Thirdly, the United States has been a dominant player and is by far the largest contributor of funding to the NATO, followed by Germany, Britain, and France. Being the largest contributor of defence expenses of the NATO for decades and hence to reduce its own burden, US President Donald Trump has urged all members to contribute their share of military spending. In fact during the previous NATO meeting held in 2018 Donald Trump chided the NATO leaders for failing to meet their commitments of spending two per cent of the GDP on defence. He was candid in stating “We are protecting countries that have taken advantage of the United States, since the United States pays for a disproportionate share of NATO, and we just want fairness.” In fact the issue of defence expenses has become quite serious and hence this has also been reiterated by the NATO chief, Stoltenberg, when he was addressing delegates during the occasion. At the same time he was fair in stating that there is some progress in members stepping up their spending but added there is more work to be done.

Fourthly, during the last over a decade apart from defence issues, it is appreciable that the NATO has been involved in other global social and economic issues concerning the interest of member-countries. For instance, as opined by US Secretary of State Mike Pompeo, the world has entered a “new era of great power competition”. He was specific in stating: “We must adapt our alliance to confront emerging threats whether that’s Russian aggression, uncontrolled migration, cyber attacks, threats to energy security, Chinese strategic competition, including technology and 5G, and many other issues.” But these are complex and complicated global issues which are challenges the NATO will face in the years to come.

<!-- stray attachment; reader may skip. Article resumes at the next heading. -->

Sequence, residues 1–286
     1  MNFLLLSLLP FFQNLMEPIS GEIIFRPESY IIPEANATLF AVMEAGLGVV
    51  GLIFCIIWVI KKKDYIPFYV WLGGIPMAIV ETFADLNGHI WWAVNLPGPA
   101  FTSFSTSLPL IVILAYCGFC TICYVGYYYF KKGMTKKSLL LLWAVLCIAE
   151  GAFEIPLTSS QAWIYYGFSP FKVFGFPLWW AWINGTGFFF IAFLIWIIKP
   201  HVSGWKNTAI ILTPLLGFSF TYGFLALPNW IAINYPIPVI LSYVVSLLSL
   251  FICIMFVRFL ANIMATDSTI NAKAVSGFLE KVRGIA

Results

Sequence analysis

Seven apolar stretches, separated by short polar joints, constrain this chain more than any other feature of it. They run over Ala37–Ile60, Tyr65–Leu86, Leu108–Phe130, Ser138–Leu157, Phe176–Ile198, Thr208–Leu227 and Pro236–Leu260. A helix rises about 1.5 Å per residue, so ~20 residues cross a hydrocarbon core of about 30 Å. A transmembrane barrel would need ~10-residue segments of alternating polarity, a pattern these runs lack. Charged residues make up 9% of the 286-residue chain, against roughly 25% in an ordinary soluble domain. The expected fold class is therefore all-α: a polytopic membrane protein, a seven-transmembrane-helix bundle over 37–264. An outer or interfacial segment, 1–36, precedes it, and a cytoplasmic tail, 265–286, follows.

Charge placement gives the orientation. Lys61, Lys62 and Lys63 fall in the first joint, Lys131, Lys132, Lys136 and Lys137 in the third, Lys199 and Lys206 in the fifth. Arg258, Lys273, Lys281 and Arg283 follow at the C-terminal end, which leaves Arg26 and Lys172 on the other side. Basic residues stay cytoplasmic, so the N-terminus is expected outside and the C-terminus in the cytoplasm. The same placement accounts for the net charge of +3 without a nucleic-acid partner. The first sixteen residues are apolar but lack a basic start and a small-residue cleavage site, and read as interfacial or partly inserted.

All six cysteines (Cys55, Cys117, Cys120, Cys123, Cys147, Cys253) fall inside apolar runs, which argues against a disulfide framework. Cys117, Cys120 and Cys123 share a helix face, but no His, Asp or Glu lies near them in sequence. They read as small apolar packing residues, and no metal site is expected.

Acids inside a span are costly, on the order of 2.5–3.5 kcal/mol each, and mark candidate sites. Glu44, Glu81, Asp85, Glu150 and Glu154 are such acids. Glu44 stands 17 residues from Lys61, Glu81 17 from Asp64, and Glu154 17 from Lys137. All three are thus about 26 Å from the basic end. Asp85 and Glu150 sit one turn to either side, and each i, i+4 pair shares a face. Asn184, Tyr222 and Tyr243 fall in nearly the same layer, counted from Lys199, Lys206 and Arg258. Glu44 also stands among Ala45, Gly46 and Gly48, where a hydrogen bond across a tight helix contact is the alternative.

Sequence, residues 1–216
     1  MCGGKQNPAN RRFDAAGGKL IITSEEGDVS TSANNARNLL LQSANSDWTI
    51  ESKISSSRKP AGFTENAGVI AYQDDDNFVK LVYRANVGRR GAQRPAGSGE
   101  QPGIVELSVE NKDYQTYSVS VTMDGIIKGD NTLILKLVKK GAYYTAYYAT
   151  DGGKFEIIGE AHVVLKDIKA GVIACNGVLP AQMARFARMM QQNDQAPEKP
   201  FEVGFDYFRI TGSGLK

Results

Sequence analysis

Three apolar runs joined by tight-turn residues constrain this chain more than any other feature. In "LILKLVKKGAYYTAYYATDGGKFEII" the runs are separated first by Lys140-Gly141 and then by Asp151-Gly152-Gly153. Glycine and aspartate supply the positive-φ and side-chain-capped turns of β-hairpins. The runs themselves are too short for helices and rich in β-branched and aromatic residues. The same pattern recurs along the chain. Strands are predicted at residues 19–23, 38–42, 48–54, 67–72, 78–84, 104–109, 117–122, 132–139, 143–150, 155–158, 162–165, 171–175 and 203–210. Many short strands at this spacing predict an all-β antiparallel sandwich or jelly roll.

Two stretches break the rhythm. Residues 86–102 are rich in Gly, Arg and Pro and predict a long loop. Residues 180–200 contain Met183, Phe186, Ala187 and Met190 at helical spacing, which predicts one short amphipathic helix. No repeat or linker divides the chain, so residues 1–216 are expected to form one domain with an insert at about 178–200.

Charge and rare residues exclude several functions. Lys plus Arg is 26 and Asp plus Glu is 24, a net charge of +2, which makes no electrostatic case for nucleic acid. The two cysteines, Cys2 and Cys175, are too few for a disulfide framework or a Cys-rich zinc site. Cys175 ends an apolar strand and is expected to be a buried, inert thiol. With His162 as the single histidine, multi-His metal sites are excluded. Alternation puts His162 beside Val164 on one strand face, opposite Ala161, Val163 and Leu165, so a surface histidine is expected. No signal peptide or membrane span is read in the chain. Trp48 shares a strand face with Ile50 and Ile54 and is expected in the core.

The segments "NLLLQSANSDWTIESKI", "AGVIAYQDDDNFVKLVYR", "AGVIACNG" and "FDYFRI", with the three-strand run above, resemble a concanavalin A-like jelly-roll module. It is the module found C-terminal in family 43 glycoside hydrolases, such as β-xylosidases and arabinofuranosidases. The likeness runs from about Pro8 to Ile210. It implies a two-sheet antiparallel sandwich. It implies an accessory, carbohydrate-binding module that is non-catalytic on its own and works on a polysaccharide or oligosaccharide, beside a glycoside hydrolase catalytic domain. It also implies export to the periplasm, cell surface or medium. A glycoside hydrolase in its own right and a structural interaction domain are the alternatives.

Fifthly, as opined by some Western analysts, Trump has openly questioned the most important aspect of Article 5 of the NATO alliance as to whether an attack on one member is considered an attack on all members. This is a crucial issue and might assume significance in the context of, say, growing conflicts between Russia and Ukraine. But notwithstanding these issues it is appreciable that the NATO chief has stated that the organisation has made progress in its objectives and vision to ensure ‘Freedom and Peace’ in the world.

Nato-Russia Differences Persisting

Notwithstanding several positive developments, differences between the NATO and Russia persist. These are evident from the contentions made at the Washington meeting. Firstly, there is an allegation made by the NATO that Russia had violated the 1987 Intermediate-range Nuclear Forces (INF) Treaty as a part of a “pattern of destabilising behaviour”. The INF Treaty was signed by the United States and Soviet Union in the last years of the Cold War. Russia has denied this allegation. Moreover, Russia’s Foreign Ministry spokesman was highly critical and hence reiterated in stating that the two-day gathering in Washington on April 4 showed that the NATO had no intention of abandoning its plans to step up military and political confrontation with Russia.